Roberto Bolano


From the Threepenney Review article on him

When Cercas asks him what it was like to live through Pinochet’s coup (a self-evidently stupid question, since most of Bolaño’s fiction deals with the subject), Bolaño pauses a moment and then answers, “Like a Marx Brothers movie, but with corpses.”

His descriptions of people done here with the Bolanoesque reversal:

“Coffeen was tall, taller than his mother, and you could tell that in his youth he must have been slim and well built, although now he was fat, or, rather, bloated. His forehead was broad, but it didn’t have the sort of breadth that suggests intelligence or sound judgement; it had the breadth of a … Read morebattlefield, and the battle had been lost, to judge from the rest of his face; thin, lank hair falling over his ears, a skull more like a dented bowl then a noble dome, light eyes staring at me with a mixture of suspicion and boredom. In spite of everything, I found him attractive. (I’m a born optimist) Amulet 132-33

I bought The Savage Detectives as the third part of a 3 for the price of two deal at the bookstore. The bookstore had the two David Simon books as part of the 3 for 2 deal, so I felt obligated to get the third for free. But I had some trouble finding the third. I finally decided on The Savage Detectives because I had read great reviews of Bolano’s 2666 and The Savage Detectives was 200 pages shorter, so less of a gamble.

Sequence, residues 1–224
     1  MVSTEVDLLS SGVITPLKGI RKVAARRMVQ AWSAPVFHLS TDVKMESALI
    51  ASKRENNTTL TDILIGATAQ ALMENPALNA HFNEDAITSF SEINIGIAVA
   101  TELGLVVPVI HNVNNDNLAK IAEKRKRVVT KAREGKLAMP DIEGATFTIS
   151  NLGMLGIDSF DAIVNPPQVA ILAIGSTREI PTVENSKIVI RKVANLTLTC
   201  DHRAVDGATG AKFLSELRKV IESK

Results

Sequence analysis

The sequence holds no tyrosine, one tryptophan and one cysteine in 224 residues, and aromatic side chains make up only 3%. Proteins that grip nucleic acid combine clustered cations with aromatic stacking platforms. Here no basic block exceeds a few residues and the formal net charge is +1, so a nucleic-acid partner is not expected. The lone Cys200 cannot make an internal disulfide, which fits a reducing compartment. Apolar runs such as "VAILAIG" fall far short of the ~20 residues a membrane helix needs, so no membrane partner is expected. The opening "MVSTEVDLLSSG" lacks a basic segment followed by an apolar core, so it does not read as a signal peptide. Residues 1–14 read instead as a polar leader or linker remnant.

This was a few months back. The Savage Detectives sat on my shelf. I read a brilliantly suggestive book on French theories hidden affinity with neoliberalism. I read most of David Simon’s Homicide: a Year on the Killing Streets. I also read for school and was busy working.

Last weekend my schedule opened up and I took the weekend off. I decided to read a book. I tried to get Vineland by Thomas Pynchon, but after walking to campus, found out the library was closed. So I decided to give The Savage Detectives a try.

Do you have a word for those incredible moments when something just clicks and you are immediately engrossed in music, film, literature? When the work and the artist become your new obsession? I don’t. I can’t imagine that one word can fully describe it. But, its what happened from the very first sentence of The Savage Detectives, which has this superb first paragraph;

“I’ve been cordially invited to join the visceral realists. I accepted, of course. There was no initiation ceremony. It was better that way.”

What follows is futile to summarize. Its too rich. Too multi-layered. Too good to reduce.( I’m sure I’ve missed the majority of jokes, references etc.) I can only describe it as a combination of Please Kill Me, Studs Terkel, Sentimental Education and the better part of the Beats meets Borges. It is essential that you read this book.